Green tea infusion reduces mercury bioaccessibility and dietary exposure from raw and cooked fish.
Alves, Ricardo N
Maulvault, Ana Luísa
Bronze, Maria Rosário
KAUST DepartmentKAUST – King Abdullah University of Science and Technology (KAUST), Red Sea Research Center (RSRC), Thuwal 23955-6900, Kingdom of Saudi Arabia.
Online Publication Date2020-09-03
Print Publication Date2020-11
Embargo End Date2021-09-05
Permanent link to this recordhttp://hdl.handle.net/10754/665050
MetadataShow full item record
AbstractHuman exposure to mercury (Hg) and methylmercury (MeHg) through the ingestion of seafood raises human health-related concerns. In contrast, green tea has health benefits and its consumption potentially reduces bioaccessibility of dietary Hg. The present study aimed to assess the effect of green tea in total mercury (THg) and MeHg bioaccessibility in raw and cooked marine fish species commonly having high Hg levels. Preliminary results demonstrated that significantly higher reductions of bioaccessible THg were attained after the co-ingestion of green tea infusion (1 cup or more) in the oral and intestinal phases. Overall, the present findings clearly show that the co-ingestion of green tea along with seafood grilling strongly reduces THg and MeHg bioaccessibility in all fish species and consequently diminishes the probability of exceeding MeHg provisional tolerable weekly intakes through the consumption of these species with high Hg levels. Such results point out the need to better understand the beneficial/preventive role of green tea infusions and other food processing techniques in bioaccessibility reduction of other chemical contaminants present in food products. Such information is certainly useful to help consumers to wisely select their food, and to enable food safety authorities to integrate such information in risk assessment.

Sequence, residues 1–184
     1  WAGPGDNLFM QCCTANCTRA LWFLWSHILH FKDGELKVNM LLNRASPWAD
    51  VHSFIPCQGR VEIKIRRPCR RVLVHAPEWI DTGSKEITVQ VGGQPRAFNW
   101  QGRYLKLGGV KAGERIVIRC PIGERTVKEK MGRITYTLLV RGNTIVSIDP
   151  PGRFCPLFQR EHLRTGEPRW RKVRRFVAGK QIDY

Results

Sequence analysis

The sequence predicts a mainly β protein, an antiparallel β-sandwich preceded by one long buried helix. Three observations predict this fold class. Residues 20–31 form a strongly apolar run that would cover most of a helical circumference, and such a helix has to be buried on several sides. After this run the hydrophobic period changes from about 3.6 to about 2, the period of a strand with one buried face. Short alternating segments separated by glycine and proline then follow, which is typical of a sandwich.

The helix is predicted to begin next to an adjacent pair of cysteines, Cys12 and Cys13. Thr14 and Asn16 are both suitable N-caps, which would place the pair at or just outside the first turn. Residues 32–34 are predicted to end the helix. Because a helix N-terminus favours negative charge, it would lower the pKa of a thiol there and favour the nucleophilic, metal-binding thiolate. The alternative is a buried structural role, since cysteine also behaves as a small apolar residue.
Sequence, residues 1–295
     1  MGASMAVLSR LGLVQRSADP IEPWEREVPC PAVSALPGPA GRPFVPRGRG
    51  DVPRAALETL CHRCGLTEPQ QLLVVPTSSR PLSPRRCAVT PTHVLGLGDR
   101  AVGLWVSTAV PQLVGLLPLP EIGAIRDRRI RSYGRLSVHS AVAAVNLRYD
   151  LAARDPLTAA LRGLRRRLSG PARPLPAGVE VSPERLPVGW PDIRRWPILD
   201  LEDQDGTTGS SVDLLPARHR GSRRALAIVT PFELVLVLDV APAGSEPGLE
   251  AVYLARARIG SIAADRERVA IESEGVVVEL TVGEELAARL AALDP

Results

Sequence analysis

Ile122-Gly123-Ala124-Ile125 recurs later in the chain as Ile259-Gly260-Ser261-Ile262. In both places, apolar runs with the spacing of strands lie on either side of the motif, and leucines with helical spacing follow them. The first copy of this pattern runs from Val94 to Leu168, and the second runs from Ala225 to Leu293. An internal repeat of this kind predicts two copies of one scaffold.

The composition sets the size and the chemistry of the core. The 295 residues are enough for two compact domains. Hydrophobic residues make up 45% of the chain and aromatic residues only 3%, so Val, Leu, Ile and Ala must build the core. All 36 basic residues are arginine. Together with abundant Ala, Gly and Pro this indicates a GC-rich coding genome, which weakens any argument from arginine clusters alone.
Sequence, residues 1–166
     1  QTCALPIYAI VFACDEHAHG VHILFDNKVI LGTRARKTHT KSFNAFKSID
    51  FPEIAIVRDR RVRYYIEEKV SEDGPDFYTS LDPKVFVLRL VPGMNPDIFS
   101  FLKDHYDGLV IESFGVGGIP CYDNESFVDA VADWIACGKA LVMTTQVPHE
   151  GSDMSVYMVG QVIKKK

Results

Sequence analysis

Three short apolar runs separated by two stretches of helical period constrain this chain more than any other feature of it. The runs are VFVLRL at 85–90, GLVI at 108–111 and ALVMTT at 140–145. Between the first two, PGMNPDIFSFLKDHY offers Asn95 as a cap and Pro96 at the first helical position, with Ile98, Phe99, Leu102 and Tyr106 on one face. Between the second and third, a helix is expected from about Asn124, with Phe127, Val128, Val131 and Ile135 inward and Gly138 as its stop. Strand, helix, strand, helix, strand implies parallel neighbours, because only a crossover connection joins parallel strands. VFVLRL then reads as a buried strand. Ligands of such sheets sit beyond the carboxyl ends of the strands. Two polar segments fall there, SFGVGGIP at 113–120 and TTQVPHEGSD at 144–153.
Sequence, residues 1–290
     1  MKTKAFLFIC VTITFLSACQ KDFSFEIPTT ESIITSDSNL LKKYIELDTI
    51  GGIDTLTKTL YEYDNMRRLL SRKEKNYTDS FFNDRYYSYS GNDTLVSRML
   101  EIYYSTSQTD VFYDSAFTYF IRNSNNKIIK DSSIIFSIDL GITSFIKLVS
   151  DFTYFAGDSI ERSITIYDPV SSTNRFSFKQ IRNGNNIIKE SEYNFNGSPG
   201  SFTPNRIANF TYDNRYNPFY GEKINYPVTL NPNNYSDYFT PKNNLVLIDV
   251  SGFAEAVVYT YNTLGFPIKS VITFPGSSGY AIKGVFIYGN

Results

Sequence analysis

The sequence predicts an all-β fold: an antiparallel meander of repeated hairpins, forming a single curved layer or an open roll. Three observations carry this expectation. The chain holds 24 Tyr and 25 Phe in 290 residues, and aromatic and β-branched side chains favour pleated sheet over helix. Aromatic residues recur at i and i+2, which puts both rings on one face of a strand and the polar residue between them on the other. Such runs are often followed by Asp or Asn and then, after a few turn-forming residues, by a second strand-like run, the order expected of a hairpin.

CitationAnacleto, P., Barbosa, V., Alves, R. N., Maulvault, A. L., Bronze, M. R., & Marques, A. (2020). Green tea infusion reduces mercury bioaccessibility and dietary exposure from raw and cooked fish. Food and Chemical Toxicology, 111717. doi:10.1016/j.fct.2020.111717
SponsorsThe Portuguese Foundation for Science and Technology (FCT) supported the contracts of PA and AM in the framework of the CEECIND 2017 (CEECIND/01739/2017) and IF2014 program (IF/00253/2014), and the FCT project FISHBUDGET (PTDC/BIA-BMA/28630/2017) supported the contract of ALM.
JournalFood and Chemical Toxicology
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